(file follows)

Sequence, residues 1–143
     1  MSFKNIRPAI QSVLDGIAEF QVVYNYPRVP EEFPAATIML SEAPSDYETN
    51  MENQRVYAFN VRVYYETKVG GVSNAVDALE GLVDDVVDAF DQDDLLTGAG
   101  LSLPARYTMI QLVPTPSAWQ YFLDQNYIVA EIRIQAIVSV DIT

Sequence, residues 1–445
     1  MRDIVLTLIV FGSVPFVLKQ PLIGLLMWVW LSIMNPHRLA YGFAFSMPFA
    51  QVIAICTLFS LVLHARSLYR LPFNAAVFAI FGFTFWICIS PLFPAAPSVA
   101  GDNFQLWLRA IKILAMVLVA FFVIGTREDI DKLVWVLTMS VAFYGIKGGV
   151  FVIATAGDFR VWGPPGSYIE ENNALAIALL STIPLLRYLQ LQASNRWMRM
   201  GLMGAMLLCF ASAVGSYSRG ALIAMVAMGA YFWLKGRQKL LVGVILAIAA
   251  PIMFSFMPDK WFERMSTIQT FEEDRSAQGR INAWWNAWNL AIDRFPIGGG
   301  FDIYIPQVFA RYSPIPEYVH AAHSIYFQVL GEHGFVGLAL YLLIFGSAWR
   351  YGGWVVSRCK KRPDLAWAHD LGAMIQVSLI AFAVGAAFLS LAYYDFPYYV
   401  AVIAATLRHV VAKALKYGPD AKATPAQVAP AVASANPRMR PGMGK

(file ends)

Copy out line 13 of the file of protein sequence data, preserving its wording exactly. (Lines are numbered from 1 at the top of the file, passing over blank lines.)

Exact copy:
   351  YGGWVVSRCK KRPDLAWAHD LGAMIQVSLI AFAVGAAFLS LAYYDFPYYV